GERS figures showing Scotland's £15.1bn deficit described as 'hammer blow' to independence plans by Tories

Figures showing growth in Scotland’s fiscal deficit have been described as a “hammer blow” to plans for independence by the Tories, while the Finance Secretary says they demonstrate that the status quo must change.

The official figures showed Scotland’s fiscal deficit grew to 8.6 per cent of GDP in the 2019/20 financial year, with government spending £15.1 billion more than is received in revenues.

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The deficit rose from 7.4% the previous year, while the UK’s deficit stood at 2.5% compared to 1.9% last year.

Tory finance spokesman Murdo Fraser said the growth in deficit was a "hammer blow" to independence plans. Pictures: Andrew Cowan/Jon Savage

Total public sector expenditure for the benefit of Scotland, including both UK and Scottish Government spending, rose by 3.1% to £81 billion.

This is equivalent to £14,829 per person in Scotland, £1,633 per person greater than the UK average.

While the figures incorporate the early stages of the coronavirus pandemic, the Gers report notes the impact will be greater in the next financial year.

Finance Secretary Kate Forbes reiterated her call for the Scottish Government to have further financial powers at a media briefing on Wednesday.

She said: “Although Gers is not the Scottish Government’s budget and reflects the current constitutional arrangements whereby another government’s policy choices are allocated to Scotland, the publication sets out the context for why the status quo and the present constitutional arrangements are unsustainable.”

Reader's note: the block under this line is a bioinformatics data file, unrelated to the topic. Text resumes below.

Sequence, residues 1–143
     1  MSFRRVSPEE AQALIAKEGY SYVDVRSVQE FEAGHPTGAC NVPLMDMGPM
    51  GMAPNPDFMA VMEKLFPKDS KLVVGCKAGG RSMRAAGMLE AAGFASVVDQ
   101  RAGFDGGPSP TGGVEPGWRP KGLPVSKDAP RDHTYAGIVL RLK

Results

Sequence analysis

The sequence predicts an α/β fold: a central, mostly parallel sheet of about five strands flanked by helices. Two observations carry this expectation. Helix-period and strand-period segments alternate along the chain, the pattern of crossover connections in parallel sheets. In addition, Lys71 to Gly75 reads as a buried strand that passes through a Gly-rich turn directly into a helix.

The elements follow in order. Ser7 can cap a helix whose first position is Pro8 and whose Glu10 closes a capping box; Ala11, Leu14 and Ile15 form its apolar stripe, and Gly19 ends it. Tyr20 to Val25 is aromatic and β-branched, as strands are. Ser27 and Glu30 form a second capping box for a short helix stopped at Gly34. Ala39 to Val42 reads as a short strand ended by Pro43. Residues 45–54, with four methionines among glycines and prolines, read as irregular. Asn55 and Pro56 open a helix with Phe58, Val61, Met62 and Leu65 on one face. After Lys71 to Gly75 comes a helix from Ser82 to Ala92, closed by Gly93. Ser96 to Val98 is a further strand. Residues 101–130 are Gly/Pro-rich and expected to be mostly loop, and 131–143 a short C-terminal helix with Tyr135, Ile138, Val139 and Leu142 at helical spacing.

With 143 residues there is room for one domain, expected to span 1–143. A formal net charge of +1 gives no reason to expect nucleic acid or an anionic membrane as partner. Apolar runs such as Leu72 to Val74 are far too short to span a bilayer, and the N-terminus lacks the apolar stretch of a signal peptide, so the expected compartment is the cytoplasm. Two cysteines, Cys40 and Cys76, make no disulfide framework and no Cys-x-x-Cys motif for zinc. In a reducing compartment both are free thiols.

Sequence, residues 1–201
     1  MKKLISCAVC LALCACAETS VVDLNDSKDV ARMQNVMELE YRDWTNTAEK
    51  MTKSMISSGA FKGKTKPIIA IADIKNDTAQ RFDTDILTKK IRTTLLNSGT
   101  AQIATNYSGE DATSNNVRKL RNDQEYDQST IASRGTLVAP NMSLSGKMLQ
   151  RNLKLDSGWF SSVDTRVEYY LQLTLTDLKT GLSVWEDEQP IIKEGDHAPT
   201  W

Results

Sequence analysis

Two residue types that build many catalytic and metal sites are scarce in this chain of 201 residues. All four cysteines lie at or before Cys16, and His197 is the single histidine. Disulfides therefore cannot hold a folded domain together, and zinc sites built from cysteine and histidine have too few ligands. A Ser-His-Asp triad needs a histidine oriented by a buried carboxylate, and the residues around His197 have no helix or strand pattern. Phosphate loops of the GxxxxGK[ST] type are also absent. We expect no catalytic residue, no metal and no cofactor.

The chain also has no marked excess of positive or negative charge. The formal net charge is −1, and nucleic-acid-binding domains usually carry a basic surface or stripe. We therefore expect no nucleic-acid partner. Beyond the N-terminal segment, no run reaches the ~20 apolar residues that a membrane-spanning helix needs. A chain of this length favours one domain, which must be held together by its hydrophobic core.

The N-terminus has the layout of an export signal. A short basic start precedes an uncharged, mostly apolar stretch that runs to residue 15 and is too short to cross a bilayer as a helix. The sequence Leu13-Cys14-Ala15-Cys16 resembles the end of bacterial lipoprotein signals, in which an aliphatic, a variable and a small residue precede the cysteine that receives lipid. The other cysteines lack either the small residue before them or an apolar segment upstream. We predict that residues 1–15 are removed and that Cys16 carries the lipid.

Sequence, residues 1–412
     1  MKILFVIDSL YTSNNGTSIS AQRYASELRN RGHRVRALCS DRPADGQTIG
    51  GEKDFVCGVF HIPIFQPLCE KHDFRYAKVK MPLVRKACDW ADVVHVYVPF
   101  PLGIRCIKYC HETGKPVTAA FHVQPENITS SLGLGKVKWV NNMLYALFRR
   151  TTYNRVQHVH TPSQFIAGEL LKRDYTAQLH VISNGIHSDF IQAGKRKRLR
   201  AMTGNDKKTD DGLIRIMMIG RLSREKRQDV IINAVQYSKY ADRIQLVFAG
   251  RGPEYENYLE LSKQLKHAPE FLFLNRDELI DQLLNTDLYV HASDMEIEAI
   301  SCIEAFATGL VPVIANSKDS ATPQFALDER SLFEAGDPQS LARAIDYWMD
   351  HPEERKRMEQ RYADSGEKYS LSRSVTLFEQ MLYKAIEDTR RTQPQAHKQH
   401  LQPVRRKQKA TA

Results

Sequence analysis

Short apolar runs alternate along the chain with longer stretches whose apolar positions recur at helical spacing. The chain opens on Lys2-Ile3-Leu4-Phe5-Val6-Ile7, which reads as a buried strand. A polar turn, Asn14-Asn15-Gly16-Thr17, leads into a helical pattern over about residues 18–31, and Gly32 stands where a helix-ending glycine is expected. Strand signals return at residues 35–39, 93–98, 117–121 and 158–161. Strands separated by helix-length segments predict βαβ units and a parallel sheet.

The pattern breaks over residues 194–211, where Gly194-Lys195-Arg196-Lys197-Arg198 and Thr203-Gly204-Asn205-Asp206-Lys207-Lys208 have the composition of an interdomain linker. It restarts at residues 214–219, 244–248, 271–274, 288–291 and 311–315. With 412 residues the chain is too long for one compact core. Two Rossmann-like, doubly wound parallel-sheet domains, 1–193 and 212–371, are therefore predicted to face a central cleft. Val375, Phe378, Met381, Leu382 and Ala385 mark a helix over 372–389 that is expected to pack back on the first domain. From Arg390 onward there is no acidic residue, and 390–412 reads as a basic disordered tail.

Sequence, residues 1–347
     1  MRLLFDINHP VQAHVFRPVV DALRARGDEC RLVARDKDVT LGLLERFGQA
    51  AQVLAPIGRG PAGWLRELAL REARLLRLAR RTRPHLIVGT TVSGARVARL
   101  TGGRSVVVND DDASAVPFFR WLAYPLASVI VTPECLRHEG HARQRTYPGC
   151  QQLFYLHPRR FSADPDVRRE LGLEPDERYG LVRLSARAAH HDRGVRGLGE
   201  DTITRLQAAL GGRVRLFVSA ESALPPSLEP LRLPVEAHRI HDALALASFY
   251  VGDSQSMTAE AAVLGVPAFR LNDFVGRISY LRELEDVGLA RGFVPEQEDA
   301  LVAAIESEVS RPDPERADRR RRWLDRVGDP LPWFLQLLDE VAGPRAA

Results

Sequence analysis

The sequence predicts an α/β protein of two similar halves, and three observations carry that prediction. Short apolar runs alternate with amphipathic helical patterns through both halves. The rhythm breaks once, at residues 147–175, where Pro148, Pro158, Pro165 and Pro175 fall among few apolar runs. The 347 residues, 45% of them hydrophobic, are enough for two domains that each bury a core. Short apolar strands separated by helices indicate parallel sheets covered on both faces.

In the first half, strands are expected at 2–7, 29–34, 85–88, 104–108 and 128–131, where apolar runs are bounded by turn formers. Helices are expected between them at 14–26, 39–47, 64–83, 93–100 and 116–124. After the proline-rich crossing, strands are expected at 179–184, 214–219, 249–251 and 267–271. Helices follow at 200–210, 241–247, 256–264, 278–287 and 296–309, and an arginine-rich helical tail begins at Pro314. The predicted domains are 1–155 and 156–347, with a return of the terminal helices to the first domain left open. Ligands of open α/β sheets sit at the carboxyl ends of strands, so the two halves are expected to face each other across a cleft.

Ms Forbes said it was “incredibly frustrating” that Scotland could not borrow to invest in recovery.

The Finance Secretary was asked about the Fraser of Allander Institute think-tank's initial response to Gers, which said Scotland's deficit could grow to around 21% and 22% next year, and if this would be sustainable for an independent Scotland.

She said countries around the world had built up "unprecedented deficits" to deal with the pandemic which would be reduced over time.

Asked about the higher levels of per capita public spending in Scotland, she said: "I look at those figures and see the current constitutional arrangements as being unsustainable."

'Hammer blow'

Scottish Conservative finance spokesman Murdo Fraser said the figures do not take into account the "blockbuster support" from the UK Government, such as the furlough scheme.

He said: "This is a hammer blow to the SNP and a massive setback for separation.

"Nicola Sturgeon would have to throw away Scotland's entire NHS, every nurse and doctor, just to come close to balancing the budget in her separate state.

"It's beyond dispute that the economic case for independence has never been weaker.

"Separating would cost Scotland £15 billion a year that we need for our schools and hospitals."

'Unrelenting austerity'

Scottish Labour leader Richard Leonard said the coronavirus pandemic had “plunged the Scottish and UK economies into the biggest freefall for 300 years.

"The Scottish and UK governments need to co-operate to restart the economy and to retain, guarantee and create jobs, and to remobilise our public services.

“These statistics show that Scotland’s deficit has increased in size even before the impact of the economic ramifications of the pandemic are felt.

“With billions draining from the Scottish economy in the event of separation, Scotland would be thrust into years of savage and unrelenting austerity.

“We cannot let a generation be lost to austerity caused by the pandemic or the creation of a separate Scottish state. Scottish Labour will continue to fight for the investment and jobs that Scotland so badly needs.”